Studio: IFC Midnight
Director: Daniel Robbins
Writer: Zachary Weiner
Producer: Keaton Heinrichs, Akiva Nemetsky, Mark Rapaport
Stars: Zachery Byrd, Aaron Dalla Villa, Phillip Andre Botello, Zachary Weiner, Cameron Cowperthwaite, Jesse Pimentel, Jean-Louis Droulers, Joe Gallagher
Rejected by every fraternity on campus, misfit college students pledge a secretive social club with a shocking initiation ritual.
Misfit friends David, Justin, and Ethan are having a rough go of their freshman first semester at college. Desperate for the “cool kid” kinship they presume comes with joining a fraternity, they’ve not only been rejected, they’ve been outright humiliated by every Greek house they’ve tried pledging during Rush Week.
Along comes Rachel. David, who fills the bespectacled neurotic quotient, and Justin, the portly yin to Ethan’s introverted yang, can hardly believe a random coed with so much charm even noticed them. Nevertheless, Rachel has exactly what the trio wants: an exclusive invite to an incredible private party.
Overloading on eager girls and plentiful booze at a secluded mansion in the woods, the threesome’s newfound fortune seems too good to be true. It is. Party hosts Max, Ricky, and Bret are part of a secretive social club that they want David, Justin, and Ethan to join. But if these three freaks and two other fellow geeks want to live this apparent life of luxury every day for the next four years, they’re going to have to undergo an unthinkable initiation ritual first.
A picture of “Pledge” can be painted in qualitative terms tempered so as not to offer a misrepresented impression. Although uncomplicated in approach, it wouldn’t exactly be accurate to describe the straight arrow script as simplistic. Often nail-bitingly dark in tone, visuals refrain from wallowing in gory exploitation to get their gruesomeness across. Pockmarked with enough bumbling college kid humor to lighten the load, jocularity never undermines the stakes of the situation.
In short, “Pledge” blends its various components beautifully for a “just right” bowl of Goldilocks porridge in the form of a well-balanced little chiller. Beyond that, “Pledge” sets a model example for what an indie effort can accomplish simply though solid production value and remarkably strong casting.
The eight main men aren’t even playing eight different archetypes. They’re essentially playing two: likable losers straight out of a “Revenge of the Nerds” sequel, and sneering snobs whose shoulders would hold a V-neck sweater or a squash racquet if they were romantic comedy relationship rivals.
Yet the core cast, particularly the top trio on the sad sack side of things, portrays naturalistic nebbishes with such sweet sincerity, they’re incredibly easy to rally behind. Zachary Weiner (David), who also wrote the movie, pairs perfectly with Zachery Byrd (Justin) for chemistry that makes it seem like they’ve been playfully tolerating each other’s friendship with enthusiasm as well as exasperation since kindergarten.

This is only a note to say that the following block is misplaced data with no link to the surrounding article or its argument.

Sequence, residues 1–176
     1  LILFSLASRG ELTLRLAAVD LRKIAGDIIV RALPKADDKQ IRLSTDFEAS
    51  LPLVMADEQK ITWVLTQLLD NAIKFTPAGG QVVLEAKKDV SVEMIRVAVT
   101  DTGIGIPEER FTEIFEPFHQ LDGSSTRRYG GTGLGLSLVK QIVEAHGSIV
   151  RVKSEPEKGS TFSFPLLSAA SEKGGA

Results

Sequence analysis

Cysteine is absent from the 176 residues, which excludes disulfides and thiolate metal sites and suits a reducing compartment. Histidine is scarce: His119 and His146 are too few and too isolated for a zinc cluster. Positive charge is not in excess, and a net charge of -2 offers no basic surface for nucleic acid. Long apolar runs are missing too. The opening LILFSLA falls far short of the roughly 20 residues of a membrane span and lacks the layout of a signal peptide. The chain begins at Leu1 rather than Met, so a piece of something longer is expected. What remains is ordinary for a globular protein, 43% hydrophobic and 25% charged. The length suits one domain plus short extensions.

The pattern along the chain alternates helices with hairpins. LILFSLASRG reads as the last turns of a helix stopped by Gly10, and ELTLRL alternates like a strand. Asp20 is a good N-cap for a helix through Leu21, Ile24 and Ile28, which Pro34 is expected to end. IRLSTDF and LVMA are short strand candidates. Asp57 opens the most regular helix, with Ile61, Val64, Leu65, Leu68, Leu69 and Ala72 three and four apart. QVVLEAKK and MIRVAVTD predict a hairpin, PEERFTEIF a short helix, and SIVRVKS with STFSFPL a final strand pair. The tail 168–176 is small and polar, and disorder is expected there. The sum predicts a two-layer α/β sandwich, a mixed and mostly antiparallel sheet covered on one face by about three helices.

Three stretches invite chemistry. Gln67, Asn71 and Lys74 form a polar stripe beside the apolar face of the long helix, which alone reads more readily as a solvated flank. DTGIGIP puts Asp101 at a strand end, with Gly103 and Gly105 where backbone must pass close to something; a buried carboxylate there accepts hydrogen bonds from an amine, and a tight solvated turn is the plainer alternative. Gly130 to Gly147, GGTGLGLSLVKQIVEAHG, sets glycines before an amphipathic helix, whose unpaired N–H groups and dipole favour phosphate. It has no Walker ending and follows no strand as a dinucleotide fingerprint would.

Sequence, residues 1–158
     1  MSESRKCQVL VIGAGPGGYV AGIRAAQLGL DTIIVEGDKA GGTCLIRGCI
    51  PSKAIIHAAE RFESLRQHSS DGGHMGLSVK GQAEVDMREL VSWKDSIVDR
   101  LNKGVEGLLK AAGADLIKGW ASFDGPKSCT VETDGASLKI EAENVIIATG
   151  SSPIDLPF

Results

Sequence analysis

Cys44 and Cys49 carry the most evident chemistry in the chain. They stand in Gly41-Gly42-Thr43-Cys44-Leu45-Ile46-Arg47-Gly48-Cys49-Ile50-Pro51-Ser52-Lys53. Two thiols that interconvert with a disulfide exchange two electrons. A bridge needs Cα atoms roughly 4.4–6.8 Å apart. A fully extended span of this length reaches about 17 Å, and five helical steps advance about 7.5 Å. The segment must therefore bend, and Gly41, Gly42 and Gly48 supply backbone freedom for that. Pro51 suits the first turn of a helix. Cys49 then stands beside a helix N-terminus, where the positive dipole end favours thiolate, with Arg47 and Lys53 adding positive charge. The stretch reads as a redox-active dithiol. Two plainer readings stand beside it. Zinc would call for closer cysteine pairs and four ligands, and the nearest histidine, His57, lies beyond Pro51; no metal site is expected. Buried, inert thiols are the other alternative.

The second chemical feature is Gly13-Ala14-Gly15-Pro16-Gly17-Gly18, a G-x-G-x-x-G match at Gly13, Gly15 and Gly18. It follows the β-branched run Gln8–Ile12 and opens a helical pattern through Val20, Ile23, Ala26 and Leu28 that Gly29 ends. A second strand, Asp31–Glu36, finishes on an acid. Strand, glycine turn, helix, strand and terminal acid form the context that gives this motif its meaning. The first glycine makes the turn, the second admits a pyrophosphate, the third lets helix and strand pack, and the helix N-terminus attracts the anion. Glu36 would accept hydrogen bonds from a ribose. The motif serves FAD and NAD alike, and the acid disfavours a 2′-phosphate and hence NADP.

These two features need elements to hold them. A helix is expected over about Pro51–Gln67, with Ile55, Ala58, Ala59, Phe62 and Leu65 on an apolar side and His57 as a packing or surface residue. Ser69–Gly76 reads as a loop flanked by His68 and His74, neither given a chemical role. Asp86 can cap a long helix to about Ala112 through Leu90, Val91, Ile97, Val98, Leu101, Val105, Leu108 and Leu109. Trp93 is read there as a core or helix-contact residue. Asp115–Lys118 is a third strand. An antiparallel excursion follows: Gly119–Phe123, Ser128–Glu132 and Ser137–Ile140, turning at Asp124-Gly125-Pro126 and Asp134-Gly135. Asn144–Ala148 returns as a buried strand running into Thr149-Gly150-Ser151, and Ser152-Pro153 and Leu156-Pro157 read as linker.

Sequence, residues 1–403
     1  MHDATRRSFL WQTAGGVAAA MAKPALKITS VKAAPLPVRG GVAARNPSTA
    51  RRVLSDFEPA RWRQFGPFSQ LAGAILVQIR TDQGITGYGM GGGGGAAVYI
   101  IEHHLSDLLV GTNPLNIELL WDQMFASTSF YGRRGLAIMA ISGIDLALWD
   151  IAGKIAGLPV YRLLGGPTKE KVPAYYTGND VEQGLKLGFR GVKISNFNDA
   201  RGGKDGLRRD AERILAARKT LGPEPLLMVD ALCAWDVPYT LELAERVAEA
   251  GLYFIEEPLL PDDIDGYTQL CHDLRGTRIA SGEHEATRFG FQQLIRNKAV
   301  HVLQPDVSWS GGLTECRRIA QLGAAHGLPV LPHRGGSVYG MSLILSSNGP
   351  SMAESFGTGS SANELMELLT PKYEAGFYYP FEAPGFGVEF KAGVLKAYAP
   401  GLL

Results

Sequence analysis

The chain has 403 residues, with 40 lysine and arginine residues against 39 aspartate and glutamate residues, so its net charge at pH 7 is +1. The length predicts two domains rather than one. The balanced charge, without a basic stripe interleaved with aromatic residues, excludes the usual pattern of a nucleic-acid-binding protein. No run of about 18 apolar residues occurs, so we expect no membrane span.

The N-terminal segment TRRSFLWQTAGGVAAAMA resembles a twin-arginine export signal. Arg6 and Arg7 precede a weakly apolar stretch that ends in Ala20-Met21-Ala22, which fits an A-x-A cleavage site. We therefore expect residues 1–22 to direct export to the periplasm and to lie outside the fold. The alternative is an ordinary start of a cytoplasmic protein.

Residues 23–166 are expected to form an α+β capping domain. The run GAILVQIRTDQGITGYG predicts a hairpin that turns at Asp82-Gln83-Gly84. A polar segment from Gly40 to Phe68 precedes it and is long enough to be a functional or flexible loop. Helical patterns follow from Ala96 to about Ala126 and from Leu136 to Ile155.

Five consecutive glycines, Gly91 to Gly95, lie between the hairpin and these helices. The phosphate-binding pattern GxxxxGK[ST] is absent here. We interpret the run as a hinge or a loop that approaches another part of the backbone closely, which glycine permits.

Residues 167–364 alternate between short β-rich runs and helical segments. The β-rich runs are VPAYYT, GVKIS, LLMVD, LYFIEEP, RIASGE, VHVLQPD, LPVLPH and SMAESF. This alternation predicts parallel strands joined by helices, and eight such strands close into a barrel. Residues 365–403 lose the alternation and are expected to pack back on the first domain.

Their antagonists are just as easy to despise. The sinister senior threesome entrenches itself in more mundane material, but they’ve got the privileged prick tics down pat. Cameron Cowperthwaite wears a cocky smirk mirroring every pharma-bro face you’ve ever wanted to smack, and I mean that as a compliment to his performance. Aaron Dalla Valla, who ought to be first in line to play Anton Yelchin should there ever be a biopic about the late “Star Trek” actor’s life, also nails the elitist university grad embodiment, right down to a contemptible coif on the top of his head.
With actors this enjoyable to watch, even while occupying stereotypical slots, half the battle is already won for getting an audience to engage with the plot. From there, “Pledge” journeys down a path somewhat similar to the squirm-inducing setups of “Saw.” Except director Daniel Robbins doesn’t have a gross-out goal in mind. Torture is depicted as delicately as a mainstream movie might allow, never more or less visceral than necessary, without excessive effects or buckets of blood.
“Pledge” putters only rarely and only briefly. Weiner’s script gets caught cheating here and there, specifically with regard to how certain characters move in and out of various rooms at narratively convenient intervals. But really, there’s barely an ounce of fat on the film’s to-the-point 75-minute runtime.
To stretch that earlier Three Bears reference even thinner, “Pledge” is not too hot, not too cold, not too hard, and not too soft. It’s just a clear-cut slash of traditional thrills biting off only what it can chew with entertainingly sharp teeth.
Review Score: 85